This dataset provides improved measures of total factor productivity for the U.S private domestic economy and a 35-industry breakdown. For the period 1929-1947 it includes detailed estimates for output, employment, hours worked, labor quality, capital stocks, labor services, capital services and two alternative estimates for total factor productivity.
AUTHORS: Gerben Bakker, Nicholas Crafts and Pieter Woltjer
A 35-industry breakdown of the U.S. private domestic economy between 1929-1947. The dataset includes nominal value added (VA), real value added (VA_Qi), persons engaged (PEP), average hours of work (H_avg), labor quality (LQ), capital stocks (K_Qi), labor compensation (LAB), capital compensation (CAP), labor services (LAB_Qi), capital services (CAP_Qi) and total factor productivity (TFP).
|hna_us_1929t47||va, emp, h, lq, k, tfp||US||1929-1947||22,800|
Sources and Methods
A detailed description of the sources and the steps taken to compile the data-set are provided in the PDF file below. The methods are compatible with the post-war growth accounts by the Bureau of Economic Analysis and the work of Dale Jorgenson.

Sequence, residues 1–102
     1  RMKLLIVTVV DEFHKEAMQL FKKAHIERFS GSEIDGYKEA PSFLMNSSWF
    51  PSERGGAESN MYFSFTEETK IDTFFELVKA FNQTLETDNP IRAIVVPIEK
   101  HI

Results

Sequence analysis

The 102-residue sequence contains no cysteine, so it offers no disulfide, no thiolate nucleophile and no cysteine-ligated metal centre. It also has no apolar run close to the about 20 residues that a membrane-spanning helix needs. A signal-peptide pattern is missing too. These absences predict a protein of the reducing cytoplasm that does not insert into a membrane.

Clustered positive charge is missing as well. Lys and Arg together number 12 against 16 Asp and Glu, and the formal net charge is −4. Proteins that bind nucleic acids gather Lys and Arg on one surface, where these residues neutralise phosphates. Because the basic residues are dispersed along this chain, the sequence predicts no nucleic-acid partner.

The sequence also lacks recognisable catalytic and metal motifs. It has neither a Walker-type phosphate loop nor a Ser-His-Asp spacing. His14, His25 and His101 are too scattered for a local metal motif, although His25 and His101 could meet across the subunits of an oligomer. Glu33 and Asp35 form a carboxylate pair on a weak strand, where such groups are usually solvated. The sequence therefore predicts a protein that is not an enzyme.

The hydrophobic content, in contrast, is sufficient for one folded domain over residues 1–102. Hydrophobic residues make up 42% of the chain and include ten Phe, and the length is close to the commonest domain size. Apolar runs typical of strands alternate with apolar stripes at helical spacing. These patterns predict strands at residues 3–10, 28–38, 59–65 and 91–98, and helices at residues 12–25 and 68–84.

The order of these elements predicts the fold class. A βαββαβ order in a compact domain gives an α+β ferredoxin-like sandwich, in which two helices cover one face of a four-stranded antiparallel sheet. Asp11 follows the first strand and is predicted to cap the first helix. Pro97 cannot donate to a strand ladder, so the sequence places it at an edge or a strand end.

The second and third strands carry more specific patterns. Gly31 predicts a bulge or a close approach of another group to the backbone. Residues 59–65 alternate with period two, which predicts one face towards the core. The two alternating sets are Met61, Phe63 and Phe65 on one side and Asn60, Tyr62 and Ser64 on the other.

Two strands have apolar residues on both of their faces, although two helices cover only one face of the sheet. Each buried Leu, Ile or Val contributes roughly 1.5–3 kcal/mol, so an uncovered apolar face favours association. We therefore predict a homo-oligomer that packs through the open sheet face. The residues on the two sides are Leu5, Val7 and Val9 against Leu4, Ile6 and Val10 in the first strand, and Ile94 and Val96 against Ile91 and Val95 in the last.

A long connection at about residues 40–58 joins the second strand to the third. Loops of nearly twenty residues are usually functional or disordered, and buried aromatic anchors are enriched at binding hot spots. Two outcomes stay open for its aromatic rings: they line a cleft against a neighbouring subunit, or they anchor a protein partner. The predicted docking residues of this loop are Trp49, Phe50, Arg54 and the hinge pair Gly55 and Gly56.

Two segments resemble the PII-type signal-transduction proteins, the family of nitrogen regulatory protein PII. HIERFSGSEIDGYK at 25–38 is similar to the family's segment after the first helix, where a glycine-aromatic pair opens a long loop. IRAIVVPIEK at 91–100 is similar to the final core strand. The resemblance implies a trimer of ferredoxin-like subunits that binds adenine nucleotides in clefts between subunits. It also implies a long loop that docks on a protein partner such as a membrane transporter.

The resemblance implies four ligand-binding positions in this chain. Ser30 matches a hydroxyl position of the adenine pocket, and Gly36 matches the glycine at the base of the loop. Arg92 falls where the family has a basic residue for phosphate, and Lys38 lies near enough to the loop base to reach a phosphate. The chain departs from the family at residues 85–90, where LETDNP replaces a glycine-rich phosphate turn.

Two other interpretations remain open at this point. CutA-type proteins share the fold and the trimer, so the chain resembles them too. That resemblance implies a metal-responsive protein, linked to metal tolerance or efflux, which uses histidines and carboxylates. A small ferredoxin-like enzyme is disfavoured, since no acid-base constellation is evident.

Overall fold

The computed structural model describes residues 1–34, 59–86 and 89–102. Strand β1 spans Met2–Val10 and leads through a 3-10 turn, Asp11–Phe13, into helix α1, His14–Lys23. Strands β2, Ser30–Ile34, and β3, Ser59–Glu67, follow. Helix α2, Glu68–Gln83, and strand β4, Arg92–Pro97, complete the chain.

|hna_us_sources||Overview of sources and methods underlying data-set|
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IMPORTANT: the data underlying ‘U.S. Historical National Accounts, 1929-1947‘ are freely available as long as the article below is cited appropriately:
Bakker, Gerben, Nicholas Crafts, and Pieter Woltjer. “The Sources of Growth in a Technologically Progressive Economy: the United States, 1899-1941.” Centre for Competitive Advantage in the Global Economy Working Paper 341 (2017).
- Working paper: The Sources of Growth in a Technologically Progressive Economy
- Working Paper: A Vision of the Growth Process in a Technologically Progressive Economy
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